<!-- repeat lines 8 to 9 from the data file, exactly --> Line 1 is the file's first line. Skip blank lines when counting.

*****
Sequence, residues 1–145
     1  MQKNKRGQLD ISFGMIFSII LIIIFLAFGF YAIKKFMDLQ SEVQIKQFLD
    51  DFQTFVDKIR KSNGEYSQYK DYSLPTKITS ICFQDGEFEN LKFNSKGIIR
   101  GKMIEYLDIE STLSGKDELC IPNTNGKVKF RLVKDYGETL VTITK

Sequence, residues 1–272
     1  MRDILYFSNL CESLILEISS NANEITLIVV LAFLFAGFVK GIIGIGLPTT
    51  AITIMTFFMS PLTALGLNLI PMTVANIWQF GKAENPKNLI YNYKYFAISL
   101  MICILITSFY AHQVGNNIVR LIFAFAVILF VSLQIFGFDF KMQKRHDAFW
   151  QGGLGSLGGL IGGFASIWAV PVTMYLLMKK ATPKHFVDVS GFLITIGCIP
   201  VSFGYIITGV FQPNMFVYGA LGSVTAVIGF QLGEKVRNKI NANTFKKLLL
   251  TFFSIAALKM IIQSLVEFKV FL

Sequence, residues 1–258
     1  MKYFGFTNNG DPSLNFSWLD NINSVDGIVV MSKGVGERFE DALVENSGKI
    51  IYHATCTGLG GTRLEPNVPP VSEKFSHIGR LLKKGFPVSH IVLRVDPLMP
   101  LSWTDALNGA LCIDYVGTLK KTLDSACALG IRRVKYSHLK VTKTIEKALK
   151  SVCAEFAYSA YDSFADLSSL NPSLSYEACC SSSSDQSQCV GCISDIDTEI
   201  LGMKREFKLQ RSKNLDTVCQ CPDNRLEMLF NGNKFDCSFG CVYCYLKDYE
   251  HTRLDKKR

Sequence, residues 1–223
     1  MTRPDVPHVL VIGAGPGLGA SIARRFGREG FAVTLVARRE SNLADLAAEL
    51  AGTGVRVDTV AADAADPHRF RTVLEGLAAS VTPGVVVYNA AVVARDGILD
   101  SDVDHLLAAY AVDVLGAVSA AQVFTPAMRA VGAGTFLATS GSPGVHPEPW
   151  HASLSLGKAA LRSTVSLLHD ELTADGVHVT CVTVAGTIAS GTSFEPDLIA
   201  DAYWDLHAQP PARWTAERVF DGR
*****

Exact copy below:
   101  MICILITSFY AHQVGNNIVR LIFAFAVILF VSLQIFGFDF KMQKRHDAFW
   151  QGGLGSLGGL IGGFASIWAV PVTMYLLMKK ATPKHFVDVS GFLITIGCIP